“Thanks for that ray of sunshine.”
“That hubcap would’ve taken off your head if you were walking just then.”
“It’s a risk I live with every day.”
“I can give you a ride here on Saturdays. I mean, you’d have to come in an hour earlier. Schedule yourself for prep shifts so you work the same time as I do. I’m serious.” He took her pen and scratched out her shift on the schedule and wrote 9 to 6. “Where do you live?”
“What? Jesus, I’m not going all the way down there. But if you catch the train downtown I’ll drive you the rest of the way.”
This agreement trimmed about fifteen minutes off her commute, but she tried to look nonchalant. She liked him but he never laughed, and she was pretty sure he’d forget by next week.
Adam kept all his groceries at Mr. Bowtie’s and all his possessions in his car. Under each seat of the station wagon he’d hidden a slim travelling case. The one in the driver’s seat held a toothbrush, toothpaste, an electric razor (which he liked to recharge on the prep counter next to the blenders), soap, deodorant and two Nirvana CDs. The others held jeans, T-shirts, briefs and socks. Two pairs of shoes, a bottle of laundry detergent and a bottle of antifreeze rattled around in the hatch. His only jacket spent the summer months in a locker in Bowtie’s cellar.
“Does Adam live in his car?” Lea asked Travis a couple weeks after she started, and consequently two weeks after she started tailing Adam. He didn’t, but his bachelor suite downtown held little more than a mattress on the floor. The longest wall was painted (in the most minute detail — bus stops, parking signs, and coffee cups in the gutter) with a mural of the exact view of 12 Avenue, that he would have seen if the wall had not been there. He had not chosen that painting. It was left over from the tenant before.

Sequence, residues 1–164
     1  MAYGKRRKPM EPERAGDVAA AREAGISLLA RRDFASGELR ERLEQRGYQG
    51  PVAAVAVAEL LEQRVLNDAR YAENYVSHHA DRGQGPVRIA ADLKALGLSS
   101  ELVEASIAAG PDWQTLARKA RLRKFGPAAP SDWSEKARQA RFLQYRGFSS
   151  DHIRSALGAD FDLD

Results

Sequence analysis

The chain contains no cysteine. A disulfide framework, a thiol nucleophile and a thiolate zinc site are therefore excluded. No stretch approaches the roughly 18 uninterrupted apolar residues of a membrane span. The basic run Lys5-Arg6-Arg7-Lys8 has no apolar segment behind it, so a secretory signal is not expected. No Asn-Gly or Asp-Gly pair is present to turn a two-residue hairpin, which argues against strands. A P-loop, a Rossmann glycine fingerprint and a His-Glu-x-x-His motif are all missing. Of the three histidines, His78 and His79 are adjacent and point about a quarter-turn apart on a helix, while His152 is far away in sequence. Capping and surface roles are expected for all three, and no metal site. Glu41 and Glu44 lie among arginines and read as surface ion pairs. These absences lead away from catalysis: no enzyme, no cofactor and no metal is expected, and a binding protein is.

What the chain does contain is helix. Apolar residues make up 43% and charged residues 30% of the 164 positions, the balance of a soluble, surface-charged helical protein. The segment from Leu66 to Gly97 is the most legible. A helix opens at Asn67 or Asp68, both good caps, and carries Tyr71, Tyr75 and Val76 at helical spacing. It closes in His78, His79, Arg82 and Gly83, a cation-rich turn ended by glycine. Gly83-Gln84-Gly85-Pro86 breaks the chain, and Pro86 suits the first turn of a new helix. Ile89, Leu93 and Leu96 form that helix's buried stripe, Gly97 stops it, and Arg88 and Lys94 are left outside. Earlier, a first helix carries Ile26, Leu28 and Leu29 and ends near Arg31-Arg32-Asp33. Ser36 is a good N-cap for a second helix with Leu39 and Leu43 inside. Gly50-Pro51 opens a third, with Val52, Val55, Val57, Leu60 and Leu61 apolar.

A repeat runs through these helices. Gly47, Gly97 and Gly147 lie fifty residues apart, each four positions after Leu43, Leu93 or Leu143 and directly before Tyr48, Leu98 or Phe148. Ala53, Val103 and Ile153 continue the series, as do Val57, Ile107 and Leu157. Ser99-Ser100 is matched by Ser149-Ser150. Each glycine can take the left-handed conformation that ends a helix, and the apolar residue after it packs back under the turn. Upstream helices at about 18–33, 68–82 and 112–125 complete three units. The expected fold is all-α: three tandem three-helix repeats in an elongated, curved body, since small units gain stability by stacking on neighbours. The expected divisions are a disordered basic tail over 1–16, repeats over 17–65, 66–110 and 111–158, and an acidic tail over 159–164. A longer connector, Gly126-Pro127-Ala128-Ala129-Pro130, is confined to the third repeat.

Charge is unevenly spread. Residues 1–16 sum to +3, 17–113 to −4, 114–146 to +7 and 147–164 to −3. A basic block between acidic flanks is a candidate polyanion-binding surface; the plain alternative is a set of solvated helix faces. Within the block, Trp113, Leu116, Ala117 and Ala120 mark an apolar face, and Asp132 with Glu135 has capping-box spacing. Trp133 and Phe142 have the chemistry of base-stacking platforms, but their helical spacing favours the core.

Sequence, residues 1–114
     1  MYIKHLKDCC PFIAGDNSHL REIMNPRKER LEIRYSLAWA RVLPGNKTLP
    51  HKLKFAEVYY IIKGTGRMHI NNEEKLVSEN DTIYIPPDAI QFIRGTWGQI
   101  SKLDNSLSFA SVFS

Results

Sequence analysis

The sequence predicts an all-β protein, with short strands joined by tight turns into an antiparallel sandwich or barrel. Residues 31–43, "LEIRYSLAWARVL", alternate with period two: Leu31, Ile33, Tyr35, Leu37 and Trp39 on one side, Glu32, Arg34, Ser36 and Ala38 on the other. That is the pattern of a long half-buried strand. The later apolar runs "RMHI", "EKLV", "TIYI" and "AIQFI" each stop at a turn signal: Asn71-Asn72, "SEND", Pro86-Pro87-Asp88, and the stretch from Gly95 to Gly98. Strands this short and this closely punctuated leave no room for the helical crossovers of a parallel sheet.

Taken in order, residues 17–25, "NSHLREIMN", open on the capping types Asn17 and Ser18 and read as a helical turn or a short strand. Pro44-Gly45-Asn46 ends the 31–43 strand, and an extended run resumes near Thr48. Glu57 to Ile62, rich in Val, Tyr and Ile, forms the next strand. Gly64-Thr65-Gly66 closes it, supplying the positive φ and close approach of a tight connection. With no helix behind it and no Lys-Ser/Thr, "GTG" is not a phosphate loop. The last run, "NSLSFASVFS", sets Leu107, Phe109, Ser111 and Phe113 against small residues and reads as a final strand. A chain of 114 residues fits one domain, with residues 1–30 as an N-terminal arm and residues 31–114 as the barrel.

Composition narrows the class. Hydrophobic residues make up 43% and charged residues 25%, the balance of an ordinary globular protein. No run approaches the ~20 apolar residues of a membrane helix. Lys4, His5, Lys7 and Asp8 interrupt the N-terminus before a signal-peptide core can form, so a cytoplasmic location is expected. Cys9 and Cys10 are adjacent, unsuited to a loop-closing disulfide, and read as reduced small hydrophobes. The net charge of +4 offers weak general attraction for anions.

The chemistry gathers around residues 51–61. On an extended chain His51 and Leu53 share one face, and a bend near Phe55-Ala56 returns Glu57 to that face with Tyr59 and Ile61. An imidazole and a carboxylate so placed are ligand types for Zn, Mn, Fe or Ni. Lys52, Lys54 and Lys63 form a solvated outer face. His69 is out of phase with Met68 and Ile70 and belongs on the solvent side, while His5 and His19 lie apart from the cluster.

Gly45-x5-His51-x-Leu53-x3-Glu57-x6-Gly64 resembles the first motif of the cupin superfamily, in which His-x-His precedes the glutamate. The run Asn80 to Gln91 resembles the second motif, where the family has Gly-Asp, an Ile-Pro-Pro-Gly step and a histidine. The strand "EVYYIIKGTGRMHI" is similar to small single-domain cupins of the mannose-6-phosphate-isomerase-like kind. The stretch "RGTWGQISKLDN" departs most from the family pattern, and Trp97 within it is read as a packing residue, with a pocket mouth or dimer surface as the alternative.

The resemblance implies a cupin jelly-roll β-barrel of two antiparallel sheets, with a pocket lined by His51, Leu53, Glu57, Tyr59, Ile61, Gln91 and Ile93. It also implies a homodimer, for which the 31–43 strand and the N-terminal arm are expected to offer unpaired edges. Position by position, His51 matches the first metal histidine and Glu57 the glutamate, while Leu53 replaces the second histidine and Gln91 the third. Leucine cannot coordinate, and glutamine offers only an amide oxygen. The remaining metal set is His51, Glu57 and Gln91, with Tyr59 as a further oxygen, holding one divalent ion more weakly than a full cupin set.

“Do you want to leave it there?” the landlord had asked, showing him the place.
“I don’t want to repaint,” said Adam.
So it was decided.
“Maybe we can have dinner at your place tonight,” Lea dared to say two hours after he’d kissed her head. She even put her hand on his shoulder. But he’d already forgotten his goodwill. His nicotine patch was exhausted and he rolled an unlit cigarette in his lips as he pattied ground beef with his hands.
He said, “No.”
“Or we could go somewhere on 17th. My treat. For driving me on Saturdays.”
“Do you know how old I am?”
“I’m thirty-six and I flip burgers. Listen to yourself. You need a new job.”
Lea looked wistfully out the drive-thru window toward the road. She saw brown and green, something moving, something organic. She squinted.
“Oh, God. Oh, no.”
Travis and Adam crowded next to her to see what she was looking at.
“Okay, well,” Travis said. “Animals are not people.”
Adam finally let out a choked laugh. Daisy the duck lay on the edge of the right turn lane nearest Mr. Bowtie’s, her top half flattened by a tire. Donald was taking advantage of her immobility to become amorous with her intact rear half.
Leanne said, “Maybe I do need a new job.”